• Imminent risk due to suicidal or aggressive behavior (a score of five or more on the hostility item on the PANSS).
  • A pattern of social instability, which could hamper long-term follow-up.
  Contacts and Locations
Choosing to participate in a study is an important personal decision. Talk with your doctor and family members or friends about deciding to join a study. To learn more about this study, you or your doctor may contact the study research staff using the Contacts provided below. For general information, see Learn About Clinical Studies.

Please refer to this study by its ClinicalTrials.gov identifier: NCT00182442

Locations
Canada, Ontario
McMaster University
Hamilton, Ontario, Canada
Sponsors and Collaborators
Hamilton Health Sciences Corporation
AstraZeneca
Investigators
Principal Investigator: Lakshmi P Voruganti, MD McMaster University
  More Information

No publications provided

ClinicalTrials.gov Identifier: NCT00182442     History of Changes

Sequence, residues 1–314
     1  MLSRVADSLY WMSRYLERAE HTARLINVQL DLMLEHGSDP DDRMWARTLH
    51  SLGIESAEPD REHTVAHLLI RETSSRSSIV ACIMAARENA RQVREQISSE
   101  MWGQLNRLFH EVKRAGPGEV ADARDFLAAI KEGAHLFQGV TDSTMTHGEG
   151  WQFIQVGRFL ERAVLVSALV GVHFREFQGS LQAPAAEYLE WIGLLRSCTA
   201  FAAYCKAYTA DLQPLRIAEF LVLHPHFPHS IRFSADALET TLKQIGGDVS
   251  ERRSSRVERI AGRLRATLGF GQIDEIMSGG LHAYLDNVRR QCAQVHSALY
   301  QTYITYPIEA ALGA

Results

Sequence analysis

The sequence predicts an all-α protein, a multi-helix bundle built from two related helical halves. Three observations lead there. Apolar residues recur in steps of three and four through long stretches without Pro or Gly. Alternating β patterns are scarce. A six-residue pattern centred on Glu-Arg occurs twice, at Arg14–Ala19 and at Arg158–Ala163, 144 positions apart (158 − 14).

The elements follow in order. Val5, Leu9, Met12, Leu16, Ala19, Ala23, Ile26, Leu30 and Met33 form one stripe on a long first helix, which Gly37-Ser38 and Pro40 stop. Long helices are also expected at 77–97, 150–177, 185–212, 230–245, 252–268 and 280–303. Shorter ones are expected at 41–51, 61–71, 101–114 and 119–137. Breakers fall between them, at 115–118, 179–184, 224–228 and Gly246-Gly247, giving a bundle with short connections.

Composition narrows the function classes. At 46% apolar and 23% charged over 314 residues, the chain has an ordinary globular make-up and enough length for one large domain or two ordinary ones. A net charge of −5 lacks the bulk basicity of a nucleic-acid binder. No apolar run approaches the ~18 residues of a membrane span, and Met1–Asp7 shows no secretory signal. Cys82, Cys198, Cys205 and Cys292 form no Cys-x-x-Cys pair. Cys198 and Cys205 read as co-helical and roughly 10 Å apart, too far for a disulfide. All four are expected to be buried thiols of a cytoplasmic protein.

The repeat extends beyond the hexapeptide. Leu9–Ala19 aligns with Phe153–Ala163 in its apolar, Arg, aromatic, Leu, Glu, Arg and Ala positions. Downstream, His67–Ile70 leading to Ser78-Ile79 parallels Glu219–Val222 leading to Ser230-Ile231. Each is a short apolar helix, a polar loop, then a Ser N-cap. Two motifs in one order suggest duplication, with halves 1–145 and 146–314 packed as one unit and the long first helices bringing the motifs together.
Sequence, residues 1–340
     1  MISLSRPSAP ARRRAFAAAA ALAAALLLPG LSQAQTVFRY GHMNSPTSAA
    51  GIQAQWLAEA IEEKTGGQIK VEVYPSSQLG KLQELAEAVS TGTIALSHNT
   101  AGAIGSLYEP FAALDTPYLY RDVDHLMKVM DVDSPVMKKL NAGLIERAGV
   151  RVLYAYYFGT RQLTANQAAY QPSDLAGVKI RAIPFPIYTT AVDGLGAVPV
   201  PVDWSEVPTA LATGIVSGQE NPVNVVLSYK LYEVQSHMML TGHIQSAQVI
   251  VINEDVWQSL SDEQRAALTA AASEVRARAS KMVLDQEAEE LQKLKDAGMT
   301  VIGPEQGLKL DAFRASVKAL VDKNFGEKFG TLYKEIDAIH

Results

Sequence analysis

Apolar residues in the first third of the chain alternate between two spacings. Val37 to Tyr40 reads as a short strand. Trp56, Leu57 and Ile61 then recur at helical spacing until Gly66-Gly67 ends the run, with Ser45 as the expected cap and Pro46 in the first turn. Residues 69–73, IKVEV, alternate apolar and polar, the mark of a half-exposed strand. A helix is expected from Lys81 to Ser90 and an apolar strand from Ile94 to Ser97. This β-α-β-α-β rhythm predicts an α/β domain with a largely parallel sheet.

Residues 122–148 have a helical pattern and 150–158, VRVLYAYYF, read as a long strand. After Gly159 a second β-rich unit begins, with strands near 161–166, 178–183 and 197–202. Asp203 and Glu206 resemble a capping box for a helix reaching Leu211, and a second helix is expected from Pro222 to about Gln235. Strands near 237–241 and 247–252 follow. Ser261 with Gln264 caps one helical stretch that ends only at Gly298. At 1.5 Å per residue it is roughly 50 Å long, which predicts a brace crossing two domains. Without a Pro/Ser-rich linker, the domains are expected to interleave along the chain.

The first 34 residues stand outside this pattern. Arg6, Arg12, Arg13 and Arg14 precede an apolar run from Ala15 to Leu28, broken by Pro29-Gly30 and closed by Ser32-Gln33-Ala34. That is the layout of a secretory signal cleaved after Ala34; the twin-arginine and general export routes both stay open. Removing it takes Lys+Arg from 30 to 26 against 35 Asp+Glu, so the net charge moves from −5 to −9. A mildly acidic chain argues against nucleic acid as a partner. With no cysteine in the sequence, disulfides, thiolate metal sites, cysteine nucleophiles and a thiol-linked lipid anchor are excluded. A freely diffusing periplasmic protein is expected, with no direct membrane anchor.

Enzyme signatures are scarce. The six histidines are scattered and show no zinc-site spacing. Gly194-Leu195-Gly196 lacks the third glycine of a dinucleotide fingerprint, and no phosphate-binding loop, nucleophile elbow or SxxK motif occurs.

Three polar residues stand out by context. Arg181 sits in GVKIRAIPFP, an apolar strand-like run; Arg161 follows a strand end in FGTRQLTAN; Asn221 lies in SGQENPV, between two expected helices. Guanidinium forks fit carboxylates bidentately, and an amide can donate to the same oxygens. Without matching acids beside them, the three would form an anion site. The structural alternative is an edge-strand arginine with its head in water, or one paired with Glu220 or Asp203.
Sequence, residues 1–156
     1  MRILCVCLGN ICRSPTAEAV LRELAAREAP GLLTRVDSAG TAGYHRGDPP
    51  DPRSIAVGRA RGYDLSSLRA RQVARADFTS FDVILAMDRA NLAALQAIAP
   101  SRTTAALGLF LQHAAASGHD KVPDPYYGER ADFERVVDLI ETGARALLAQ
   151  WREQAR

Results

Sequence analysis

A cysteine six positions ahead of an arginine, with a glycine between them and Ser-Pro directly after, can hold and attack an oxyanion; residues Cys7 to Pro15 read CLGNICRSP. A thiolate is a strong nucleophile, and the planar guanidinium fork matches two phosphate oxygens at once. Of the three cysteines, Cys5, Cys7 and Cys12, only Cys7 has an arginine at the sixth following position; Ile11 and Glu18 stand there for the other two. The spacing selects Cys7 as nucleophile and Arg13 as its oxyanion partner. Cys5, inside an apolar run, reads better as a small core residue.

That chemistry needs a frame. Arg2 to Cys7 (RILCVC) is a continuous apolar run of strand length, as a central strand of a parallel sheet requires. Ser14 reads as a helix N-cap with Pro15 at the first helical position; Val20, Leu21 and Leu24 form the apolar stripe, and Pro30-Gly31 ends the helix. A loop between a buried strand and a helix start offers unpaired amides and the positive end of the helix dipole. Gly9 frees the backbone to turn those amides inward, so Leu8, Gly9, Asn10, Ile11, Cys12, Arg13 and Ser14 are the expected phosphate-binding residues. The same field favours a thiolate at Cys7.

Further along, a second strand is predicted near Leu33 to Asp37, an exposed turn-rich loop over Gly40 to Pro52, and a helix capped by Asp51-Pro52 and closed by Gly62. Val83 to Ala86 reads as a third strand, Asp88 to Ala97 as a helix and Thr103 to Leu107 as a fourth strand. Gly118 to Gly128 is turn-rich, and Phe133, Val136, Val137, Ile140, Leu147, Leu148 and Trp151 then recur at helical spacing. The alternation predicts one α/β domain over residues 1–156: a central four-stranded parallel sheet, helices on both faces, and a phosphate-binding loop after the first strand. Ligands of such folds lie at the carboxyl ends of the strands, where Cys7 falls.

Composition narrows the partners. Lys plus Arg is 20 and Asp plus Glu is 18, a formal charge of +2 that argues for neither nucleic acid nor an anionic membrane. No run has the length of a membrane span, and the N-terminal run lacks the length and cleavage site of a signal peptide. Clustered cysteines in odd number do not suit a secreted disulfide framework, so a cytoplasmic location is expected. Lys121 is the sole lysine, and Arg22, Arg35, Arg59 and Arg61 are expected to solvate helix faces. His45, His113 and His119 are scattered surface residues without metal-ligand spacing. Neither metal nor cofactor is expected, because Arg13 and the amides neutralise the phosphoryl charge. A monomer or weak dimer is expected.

Other Study ID Numbers: 02-2179
Study First Received: September 14, 2005
Last Updated: October 10, 2006
Health Authority: Canada: Health Canada

Keywords provided by McMaster University:
Cognitive deficits
Psychosocial functioning
Quality of Life

Additional relevant MeSH terms:
Schizophrenia
Schizophrenia and Disorders with Psychotic Features
Mental Disorders
Quetiapine
Olanzapine
Antipsychotic Agents
Tranquilizing Agents
Central Nervous System Depressants
Physiological Effects of Drugs
Pharmacologic Actions
Central Nervous System Agents
Therapeutic Uses
Psychotropic Drugs
Antiemetics
Autonomic Agents
Peripheral Nervous System Agents
Gastrointestinal Agents
Serotonin Uptake Inhibitors
Neurotransmitter Uptake Inhibitors
Neurotransmitter Agents
Molecular Mechanisms of Pharmacological Action
Serotonin Agents

ClinicalTrials.gov processed this record on August 28, 2014